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Date: 07/25/10 13:25
Mississippi Railway
Author: poffcapt

Can anyone tell me anything about a railroad out of Columbia, Mississippi that ran a tourist train using this Alco S-2 #7, or this Baldwin #203? The Alco photo was credited to Brent Wallace on a post card, and the steam photo was credited to Louis R. Saillard, also on a post card. The depot was on Second Street in downtown Columbia, MS. Thanks.

Barry Stone
Edmonds WA

Date: 07/25/10 14:42
Re: Mississippi Railway
Author: johnacraft

The second photo wasn't taken at Columbia, it was taken on the Port Bienville Railway near Waveland, MS, on July 19, 1986. The night photo session was arranged by Louis Saillard and Tom Schultz.

The Port Bienville operation was put together by area volunteers, and it ended in 1986. In early 1987 the equipment was moved to Meridian, MS, via Mobile, and some of it (including 203) eventually went to the Waccamaw Coast Coast Line in South Carolina. 203 has been in Knoxville, TN, for a while now, and has been in service on the Three Rivers Rambler since 2001.

Date: 07/25/10 15:22
Re: Mississippi Railway
Author: poffcapt

That's an interesting tidbit about the second post card. On the back of it, it says; "Steam Locomotive #203, 'Lady', and Southern Coach #1002, 'Leaf River', await their next days assignment. Number 203 was built by Baldwin Locomotive Works in 1925 for the Washington & Lincolnton Railroad and later saw service on the Rockton & Rion Railway."

So is the Mississippi Railway a figment of someone's imagination, or did this volunteer group use that name?


Edited 1 time(s). Last edit at 07/25/10 15:24 by poffcapt.

Date: 07/25/10 16:02
Re: Mississippi Railway
Author: johnacraft

poffcapt Wrote:

> So is the Mississippi Railway a figment of
> someone's imagination, or did this volunteer group use that name?

'Mississippi Railway' was simply the name painted on the locomotives.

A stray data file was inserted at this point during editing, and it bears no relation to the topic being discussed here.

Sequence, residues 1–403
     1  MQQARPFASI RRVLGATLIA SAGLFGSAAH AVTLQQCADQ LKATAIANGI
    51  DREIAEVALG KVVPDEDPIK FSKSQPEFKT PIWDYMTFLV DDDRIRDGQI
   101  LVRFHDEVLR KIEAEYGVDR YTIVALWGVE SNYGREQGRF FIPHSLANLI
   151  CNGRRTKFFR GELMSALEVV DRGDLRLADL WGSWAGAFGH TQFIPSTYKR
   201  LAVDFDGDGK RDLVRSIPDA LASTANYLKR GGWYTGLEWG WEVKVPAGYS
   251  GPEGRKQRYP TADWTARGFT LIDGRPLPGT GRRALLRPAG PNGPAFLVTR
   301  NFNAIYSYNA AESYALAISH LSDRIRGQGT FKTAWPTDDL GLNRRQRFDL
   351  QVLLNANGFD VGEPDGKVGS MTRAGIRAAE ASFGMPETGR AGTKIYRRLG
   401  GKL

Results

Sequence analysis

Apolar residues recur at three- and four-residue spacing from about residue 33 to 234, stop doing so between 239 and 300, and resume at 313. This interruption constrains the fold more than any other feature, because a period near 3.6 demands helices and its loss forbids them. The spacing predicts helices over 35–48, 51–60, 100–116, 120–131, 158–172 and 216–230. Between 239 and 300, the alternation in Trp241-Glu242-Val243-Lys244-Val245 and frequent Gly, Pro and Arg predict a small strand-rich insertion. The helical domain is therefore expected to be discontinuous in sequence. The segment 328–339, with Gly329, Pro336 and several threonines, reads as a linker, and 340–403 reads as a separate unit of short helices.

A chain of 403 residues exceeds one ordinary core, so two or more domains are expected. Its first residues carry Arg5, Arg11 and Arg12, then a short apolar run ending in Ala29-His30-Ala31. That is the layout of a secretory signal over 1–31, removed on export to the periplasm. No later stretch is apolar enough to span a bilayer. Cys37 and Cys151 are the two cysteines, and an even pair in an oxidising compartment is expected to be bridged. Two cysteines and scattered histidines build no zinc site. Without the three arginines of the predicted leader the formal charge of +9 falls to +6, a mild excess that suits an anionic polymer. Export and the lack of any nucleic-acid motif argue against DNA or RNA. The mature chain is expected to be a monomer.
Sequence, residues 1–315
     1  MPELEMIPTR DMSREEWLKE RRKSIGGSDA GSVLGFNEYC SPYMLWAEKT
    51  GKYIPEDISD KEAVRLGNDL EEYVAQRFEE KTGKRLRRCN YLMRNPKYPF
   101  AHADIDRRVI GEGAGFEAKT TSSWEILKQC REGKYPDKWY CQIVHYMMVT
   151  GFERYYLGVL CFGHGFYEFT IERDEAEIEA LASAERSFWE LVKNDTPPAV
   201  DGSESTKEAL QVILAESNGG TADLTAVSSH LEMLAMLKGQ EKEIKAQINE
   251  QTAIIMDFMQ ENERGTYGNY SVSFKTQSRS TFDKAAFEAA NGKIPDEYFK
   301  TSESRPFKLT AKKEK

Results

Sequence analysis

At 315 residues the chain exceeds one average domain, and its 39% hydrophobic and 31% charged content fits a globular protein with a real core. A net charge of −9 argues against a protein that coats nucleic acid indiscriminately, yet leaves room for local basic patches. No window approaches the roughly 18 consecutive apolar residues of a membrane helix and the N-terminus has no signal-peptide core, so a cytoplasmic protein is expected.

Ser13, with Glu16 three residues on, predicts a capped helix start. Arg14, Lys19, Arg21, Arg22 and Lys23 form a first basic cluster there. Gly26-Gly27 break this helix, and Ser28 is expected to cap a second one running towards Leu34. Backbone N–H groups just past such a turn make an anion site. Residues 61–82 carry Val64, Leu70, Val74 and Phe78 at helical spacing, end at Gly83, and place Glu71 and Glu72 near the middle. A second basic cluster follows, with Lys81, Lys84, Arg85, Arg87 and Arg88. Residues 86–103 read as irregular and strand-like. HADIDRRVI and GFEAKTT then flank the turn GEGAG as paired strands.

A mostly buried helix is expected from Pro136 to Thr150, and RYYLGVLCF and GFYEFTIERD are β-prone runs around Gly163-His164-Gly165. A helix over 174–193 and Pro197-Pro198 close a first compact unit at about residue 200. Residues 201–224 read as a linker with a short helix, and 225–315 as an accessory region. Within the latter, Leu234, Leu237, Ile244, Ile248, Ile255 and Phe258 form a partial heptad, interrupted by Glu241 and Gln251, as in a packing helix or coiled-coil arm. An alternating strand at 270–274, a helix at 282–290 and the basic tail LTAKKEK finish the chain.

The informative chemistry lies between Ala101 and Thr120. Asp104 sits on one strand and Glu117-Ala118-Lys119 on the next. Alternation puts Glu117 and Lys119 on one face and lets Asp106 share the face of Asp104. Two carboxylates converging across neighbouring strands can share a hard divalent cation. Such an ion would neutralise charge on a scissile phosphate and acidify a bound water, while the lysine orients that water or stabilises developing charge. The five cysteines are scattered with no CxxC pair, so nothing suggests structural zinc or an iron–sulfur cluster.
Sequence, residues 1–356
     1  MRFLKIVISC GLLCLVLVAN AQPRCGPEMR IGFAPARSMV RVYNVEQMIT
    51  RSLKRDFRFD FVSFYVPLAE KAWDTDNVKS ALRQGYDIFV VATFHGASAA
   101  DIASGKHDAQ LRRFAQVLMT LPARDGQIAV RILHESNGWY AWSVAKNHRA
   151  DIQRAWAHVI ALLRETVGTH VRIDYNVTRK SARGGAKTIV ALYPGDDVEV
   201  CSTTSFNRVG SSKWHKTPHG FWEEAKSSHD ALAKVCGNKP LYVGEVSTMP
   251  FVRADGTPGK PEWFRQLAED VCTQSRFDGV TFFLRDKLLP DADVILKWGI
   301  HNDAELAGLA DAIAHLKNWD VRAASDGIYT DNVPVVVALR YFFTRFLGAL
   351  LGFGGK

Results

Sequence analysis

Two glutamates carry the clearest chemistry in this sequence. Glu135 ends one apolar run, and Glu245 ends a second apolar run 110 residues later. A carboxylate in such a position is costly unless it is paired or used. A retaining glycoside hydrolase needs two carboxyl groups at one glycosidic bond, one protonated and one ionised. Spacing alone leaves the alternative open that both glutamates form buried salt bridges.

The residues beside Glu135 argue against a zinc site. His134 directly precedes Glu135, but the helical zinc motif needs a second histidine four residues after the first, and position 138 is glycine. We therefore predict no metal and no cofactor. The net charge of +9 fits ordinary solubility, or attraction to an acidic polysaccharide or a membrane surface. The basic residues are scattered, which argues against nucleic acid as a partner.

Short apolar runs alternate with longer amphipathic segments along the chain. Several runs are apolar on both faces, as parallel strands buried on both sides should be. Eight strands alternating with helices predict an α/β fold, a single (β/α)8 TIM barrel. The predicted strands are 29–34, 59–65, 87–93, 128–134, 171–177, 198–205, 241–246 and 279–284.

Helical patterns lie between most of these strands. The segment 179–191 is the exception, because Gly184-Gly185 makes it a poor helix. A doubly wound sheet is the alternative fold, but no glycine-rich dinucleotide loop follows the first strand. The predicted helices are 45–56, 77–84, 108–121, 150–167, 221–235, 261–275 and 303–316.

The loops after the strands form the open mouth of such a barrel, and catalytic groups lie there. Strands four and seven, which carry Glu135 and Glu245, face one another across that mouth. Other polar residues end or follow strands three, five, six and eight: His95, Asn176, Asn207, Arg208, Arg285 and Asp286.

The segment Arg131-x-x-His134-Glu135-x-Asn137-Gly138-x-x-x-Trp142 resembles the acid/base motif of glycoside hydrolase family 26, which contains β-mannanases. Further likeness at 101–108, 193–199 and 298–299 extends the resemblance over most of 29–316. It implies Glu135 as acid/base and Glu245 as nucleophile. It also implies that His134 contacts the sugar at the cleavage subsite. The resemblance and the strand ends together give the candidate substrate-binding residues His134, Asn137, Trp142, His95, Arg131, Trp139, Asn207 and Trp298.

I don't know anything about the Columbia operation. It's possible that it was a one-time event.

The Port Bienville operation (which had a name that was neither 'Port Bienville' nor 'Mississippi Railway', but again I'm blanking) was a 'throw a party in the barn' type of operation with equipment and labor provided by various people and nearby NRHS chapters - for example, the diner was on loan from the Southeast Louisiana chapter, if I remember the correctly. One of the major players worked for the Old Augusta Railroad, but I can't recall his name. J. R. Phillips of Mobile was in charge of keeping 203 in service, and at least twice it wintered in Mobile.

If that sounds vague and loosey-goosey, it's because it was. But then loans, handshake agreements, benevolent short lines, and steam moves on CSX were a lot more common back then.


Date: 07/25/10 17:53
Re: Mississippi Railway
Author: poffcapt

Well, thanks for the information, John. Hopefully, someone else will read the thread and jump in with something about the Mississippi Railway. I can usually get a hit on something like this by going to Google, but this time it led me all around the barn, but not to the milk machine. There wasn't anything in Ed Lewis' Shortline Railway Guide, and a have several editions of Tourist Trains Guidebook, but no hits there either.


Date: 07/27/10 04:52
Re: Mississippi Railway
Author: acltrainman

I shot the Port Bienville R.R. #1, a GE 45 tonner. on the cab also was this info, Owned and Operated by Hancock County Port and Harbor Commission. It was painted yellow with black lettering. I shot the unit in
Port Bienville, MS on 04/24/1981.

Edited 2 time(s). Last edit at 07/27/10 04:53 by acltrainman.

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